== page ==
• A lesser-known guild, the Casting Guild of Australia runs the annual Casting Guild Awards, recognising the essential art of finding right talent for stage and screen productions. The 2019 CGA Awards will be held in Melbourne on 29 November. The full list of nominees is over here, including Kirsty McGregor & Stevie Ray (Diary of an Uber Driver), Annie Murtagh-Monks (The Heights Series 1), Anousha Zarkesh (Total Control) and Nathan Lloyd (Wentworth Series 7).
  • The 2019 Ellie Awards are the annual awards of the Australian Screen Editors Guild, which was formed in 1996 and is the professional body for screen editors and assistants working in everything from feature films and TV to docos, corporates and multimedia. Winners will be announced on Saturday, 7 December in Sydney. Here’s the full list of nominees, including Sean Lahiff (I Am Mother), Dany Cooper ASE (Judy & Punch), Mark Warner ASE (Ladies in Black), and Tim Guthrie (Sequin in a Blue Room).
  • We attended the annual Screen Producers’ Awards last week, closing the 2019 Screen Forever Conference. Read our rundown of the night and the winners, including lifetime achievement award winner Anni Browning, an Ludo Studios.
  • The 2019 Screen Music Awards were announced on Wednesday night. Screenhub’s David Tiley Tweeted up a storm and wrote this piece. Presented by APRA AMCOS and the Australian Guild of Screen Composers, winners included Dan Luscombe and Antony Partos (Best Feature Film Score of the Year, I Am Mother); Piers Burbrook (Best Soundtrack Album, Little Monsters); and David Bridie (Best Music for a Documentary, Australia’s Lost Impressionist).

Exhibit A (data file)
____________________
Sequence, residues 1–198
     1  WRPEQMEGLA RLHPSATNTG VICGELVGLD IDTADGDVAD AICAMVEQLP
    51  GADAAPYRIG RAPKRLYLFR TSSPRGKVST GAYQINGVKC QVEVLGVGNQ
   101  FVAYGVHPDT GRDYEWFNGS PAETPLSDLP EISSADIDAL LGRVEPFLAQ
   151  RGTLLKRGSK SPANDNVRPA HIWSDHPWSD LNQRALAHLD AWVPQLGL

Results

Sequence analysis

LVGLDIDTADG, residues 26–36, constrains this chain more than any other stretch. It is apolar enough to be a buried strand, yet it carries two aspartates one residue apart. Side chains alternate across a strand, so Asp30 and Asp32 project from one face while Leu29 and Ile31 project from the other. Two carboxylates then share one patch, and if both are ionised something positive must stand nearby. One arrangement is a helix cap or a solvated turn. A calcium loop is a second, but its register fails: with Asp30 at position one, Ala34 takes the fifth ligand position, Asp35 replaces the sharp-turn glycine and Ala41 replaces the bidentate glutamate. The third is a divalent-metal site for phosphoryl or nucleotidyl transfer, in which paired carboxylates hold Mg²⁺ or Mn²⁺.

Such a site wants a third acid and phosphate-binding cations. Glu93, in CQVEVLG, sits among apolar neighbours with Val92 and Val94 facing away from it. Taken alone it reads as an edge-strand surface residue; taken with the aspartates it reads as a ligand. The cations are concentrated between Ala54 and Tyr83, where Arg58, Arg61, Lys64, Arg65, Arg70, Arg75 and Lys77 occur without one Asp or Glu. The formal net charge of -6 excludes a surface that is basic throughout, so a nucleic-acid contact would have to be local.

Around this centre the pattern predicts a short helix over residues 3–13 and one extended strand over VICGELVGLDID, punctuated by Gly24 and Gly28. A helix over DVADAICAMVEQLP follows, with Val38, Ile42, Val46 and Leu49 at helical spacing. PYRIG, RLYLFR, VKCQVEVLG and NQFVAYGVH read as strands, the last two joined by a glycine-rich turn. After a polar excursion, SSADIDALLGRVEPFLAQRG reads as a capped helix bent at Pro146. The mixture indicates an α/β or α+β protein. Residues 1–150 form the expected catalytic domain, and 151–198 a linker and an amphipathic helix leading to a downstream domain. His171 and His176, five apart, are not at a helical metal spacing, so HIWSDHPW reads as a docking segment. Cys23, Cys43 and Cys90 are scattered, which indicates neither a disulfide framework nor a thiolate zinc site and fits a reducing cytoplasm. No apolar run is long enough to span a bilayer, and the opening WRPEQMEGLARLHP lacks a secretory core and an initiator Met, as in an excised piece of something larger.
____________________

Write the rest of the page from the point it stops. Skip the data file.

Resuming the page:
OPPORTUNITIES

  • The Australian International Documentary Conference (1-4 March, 2020, State Library Victoria) is rolling out program announcements, speakers and initatives. Here’s one for the podcasters: AIDC and Audible.com are again offering the $10,000 Sound It Out audio documentary initiative. Factual storytellers are invited to submit an idea in any factual genre for a three-to-six-hour original audio doc. Eight will be selected to pitch at the conference. Applications and information can be found here.
  • The Bunya Talent Indigenous Hub Los Angeles is open for applications from mid-career Indigenous screen creatives with a big idea for a TV series or feature. Up to 8 Indigenous screen practitioners will be selected to travel to a five-day talent incubator in LA in March 2020. Deadline is 6 December. Applications via Screen Australia.
  • Film Vic have partnered with SBS on Pitch to Pilot, a new TV drama development initiative offering up to $40,000 for Victorian writers and producers. Deadline 9 January. Applications via Film Victoria. They say they want ‘bold and noisy’ ideas.

TECHY STUFF

  • Filming on the run as a solo shooter, you need to be lean and fast like a panther, versatile like a chameleon, and have lots of arms like an octopus.  This know-how piece has a sense of humour: Travelling Light: a solo shooter’s gear guide.

Got a tip you’d like us to consider for Sushi Screen News? Email editor@screenhub.com.au

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About the Author
Mostly David Tiley and Rochelle Siemienowicz, with contributions from friends, fans and Artshub staff. Between us, we flinch at nothing.